The first of Stryker’s originals here is the opening track, Tough – a briskly shuffling, catchy, soul-infused Styker original full of precise, warmly bending guitar lines, bright tenor sax from Walter Smith III and subtle flashes from across drummer McClenty Hunter’s kit. Gold stays on track with the band in his solo, with his steady blues riffage.

There’s lithely tumbling latin flair in the second track, El Camino, matched by Smith’s precise, chromatic downward cascades, Stryker’s drive toward a spiraling attack and a tantalizingly brief Gold solo.

Smith and Gold harmonize tersely over the tricky syncopation of Dreamsong, the bandleader channeling a late 50s soul-jazz vibe over lurking, resonant organ. They make tightly strutting swing out of Cole Porter’s Everything I Love, with carefree yet judicious lines from both the bandleader and then Gold. The lone Gold tune here is the aptly titled, scampering Rush Hour, with rambunctious solos from Smith and then Stryker.

The quartet rescue Leon Russell’s early 70s tune Superstar from the circle of hell occupied by groups like the Carpenters, then launch into the title track, the last of the Stryker originals. No spoilers about what jazz classic that one nicks: percussionist Mayra Casales adds subtle boom to the low end.

Likewise, they play Marvin Gaye’s Inner City Blues as a tightly straight-up clave tune with Stryker’s spikiest work here, Gold’s edge in contrast with Smith’s balmy approach. Stryker finally goes for Wes Montgomery homage in Love Dance, by Ivan Lins. They close the record with Trouble (No. 2), a reworking of the old Lloyd Price hit that while short of feverish, owes a lot to Peggy Lee.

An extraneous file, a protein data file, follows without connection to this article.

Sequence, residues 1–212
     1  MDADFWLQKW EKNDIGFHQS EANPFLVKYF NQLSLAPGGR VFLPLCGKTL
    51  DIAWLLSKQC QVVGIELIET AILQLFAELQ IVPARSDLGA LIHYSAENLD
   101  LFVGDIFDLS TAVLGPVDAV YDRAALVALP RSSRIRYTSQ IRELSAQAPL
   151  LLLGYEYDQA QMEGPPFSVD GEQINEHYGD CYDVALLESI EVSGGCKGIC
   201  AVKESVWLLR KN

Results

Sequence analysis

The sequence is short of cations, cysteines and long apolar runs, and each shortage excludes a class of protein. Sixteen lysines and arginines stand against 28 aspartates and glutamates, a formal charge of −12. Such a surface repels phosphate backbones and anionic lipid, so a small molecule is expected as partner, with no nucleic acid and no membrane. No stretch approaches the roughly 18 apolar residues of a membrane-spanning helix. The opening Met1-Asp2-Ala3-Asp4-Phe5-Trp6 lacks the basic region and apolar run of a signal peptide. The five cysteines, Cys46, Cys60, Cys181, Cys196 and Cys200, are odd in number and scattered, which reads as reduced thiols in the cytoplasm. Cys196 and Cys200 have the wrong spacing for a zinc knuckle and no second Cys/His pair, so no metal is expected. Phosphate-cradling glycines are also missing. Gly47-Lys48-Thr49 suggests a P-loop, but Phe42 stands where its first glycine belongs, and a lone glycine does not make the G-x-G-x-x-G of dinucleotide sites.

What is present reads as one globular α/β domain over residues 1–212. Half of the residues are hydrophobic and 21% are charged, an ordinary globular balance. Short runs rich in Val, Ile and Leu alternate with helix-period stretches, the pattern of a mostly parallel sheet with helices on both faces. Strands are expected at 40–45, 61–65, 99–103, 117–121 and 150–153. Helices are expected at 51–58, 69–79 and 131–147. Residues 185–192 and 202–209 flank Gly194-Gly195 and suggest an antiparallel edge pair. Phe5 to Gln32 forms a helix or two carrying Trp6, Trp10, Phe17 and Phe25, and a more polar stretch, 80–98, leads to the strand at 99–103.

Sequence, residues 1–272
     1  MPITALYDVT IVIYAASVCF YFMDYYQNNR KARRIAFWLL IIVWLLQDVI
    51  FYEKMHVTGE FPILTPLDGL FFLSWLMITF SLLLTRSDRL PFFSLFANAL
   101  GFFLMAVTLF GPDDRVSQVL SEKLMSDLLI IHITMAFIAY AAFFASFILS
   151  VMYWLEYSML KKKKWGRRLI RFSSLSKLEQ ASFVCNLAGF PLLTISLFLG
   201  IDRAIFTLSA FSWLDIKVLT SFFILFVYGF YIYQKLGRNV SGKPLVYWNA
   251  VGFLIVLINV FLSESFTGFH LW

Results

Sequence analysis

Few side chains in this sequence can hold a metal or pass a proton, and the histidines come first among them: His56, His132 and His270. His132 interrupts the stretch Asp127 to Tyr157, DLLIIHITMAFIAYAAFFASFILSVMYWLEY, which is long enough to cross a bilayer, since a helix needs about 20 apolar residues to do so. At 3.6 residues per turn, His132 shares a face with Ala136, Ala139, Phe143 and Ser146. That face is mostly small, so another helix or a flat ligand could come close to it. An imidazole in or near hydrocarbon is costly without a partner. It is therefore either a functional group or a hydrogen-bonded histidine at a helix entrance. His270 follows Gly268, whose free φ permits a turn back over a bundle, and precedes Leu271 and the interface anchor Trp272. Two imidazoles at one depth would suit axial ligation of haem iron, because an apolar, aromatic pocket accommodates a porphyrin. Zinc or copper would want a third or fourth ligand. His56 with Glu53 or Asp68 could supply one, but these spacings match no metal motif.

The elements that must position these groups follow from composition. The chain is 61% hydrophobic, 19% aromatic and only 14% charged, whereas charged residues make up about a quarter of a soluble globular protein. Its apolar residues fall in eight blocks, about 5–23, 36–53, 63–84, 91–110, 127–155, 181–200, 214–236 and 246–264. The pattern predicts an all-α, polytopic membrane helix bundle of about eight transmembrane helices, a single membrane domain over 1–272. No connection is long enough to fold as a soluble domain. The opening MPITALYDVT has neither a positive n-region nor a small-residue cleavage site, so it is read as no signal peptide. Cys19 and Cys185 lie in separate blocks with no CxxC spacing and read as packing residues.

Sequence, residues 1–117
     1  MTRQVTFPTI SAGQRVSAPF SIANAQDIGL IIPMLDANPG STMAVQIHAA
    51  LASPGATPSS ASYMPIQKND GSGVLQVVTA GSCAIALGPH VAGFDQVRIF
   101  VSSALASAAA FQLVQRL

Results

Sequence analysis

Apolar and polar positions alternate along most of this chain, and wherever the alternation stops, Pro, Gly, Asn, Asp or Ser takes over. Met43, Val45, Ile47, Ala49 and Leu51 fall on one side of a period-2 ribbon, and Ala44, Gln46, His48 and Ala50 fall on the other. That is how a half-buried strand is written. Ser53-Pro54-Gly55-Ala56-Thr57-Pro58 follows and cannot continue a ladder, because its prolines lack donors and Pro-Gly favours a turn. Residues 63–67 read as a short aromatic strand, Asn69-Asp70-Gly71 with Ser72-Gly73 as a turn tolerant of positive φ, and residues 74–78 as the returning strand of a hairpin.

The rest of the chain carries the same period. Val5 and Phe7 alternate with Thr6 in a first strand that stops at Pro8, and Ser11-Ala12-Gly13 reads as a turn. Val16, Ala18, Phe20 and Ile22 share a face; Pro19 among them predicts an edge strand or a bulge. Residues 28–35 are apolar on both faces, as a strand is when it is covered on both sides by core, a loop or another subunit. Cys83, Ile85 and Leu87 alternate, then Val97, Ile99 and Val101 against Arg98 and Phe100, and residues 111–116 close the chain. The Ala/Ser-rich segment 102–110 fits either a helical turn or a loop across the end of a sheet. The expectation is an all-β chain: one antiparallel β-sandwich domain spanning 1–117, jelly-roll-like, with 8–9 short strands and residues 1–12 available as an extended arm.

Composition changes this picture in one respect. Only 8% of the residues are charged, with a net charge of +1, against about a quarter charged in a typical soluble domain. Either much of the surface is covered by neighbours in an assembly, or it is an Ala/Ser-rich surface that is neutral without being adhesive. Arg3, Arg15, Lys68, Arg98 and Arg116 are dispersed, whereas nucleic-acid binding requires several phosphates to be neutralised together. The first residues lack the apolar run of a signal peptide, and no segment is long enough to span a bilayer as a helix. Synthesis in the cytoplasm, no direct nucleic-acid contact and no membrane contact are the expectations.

If you’re wondering what the album title refers to, it’s a shout-out to Stryker’s mentor and guitar teacher David Baker.

June 21, 2022 Posted by | funk music, jazz, Music, music, concert, review, Reviews, soul music | , , , , , , , , , , , , , , , , | Leave a comment

A Disarmingly Direct, Evocative, Intimate New Album From Jazz Stylist Melissa Stylianou

Singer Melissa Stylianou may be best known as a member of the irrepressible trio Duchess, who with her bandmates Amy Cervini and Hilary Gardner just won the Jazz Journalists of America’s award for best vocal group of the year. This blog has found some of those writers’ picks to be on the timid side over the years, but not this one: the three women earned it.

Stylianou is also a solo artist, and has a fascinatingly intimate new trio album, Dream Dancing, streaming at Bandcamp.This is one of the glut of records which were recorded in 2019 and on track for a 2020 release but shelved when the arts were crushed in the 2020 global takeover. What’s extraordinary is that it features ageless guitarist Gene Bertoncini at the top of his game on a nylon-string model. For one, there isn’t a lot of acoustic guitar jazz, and there also aren’t many octogenarians with the effortless fluidity and gravitas that Bertoncini brings out here. Stylianou’s characteristically eclectic approach results in a lot of freshness to this collection of standards.

She opens the album, way up toward the top of her expressive range with Sweet and Lovely, Bertoncini ranging from spare, spiky clusters, sinuous bends and the occasional chordal flurry as bassist Ike Sturm holds down a spring-loaded swing.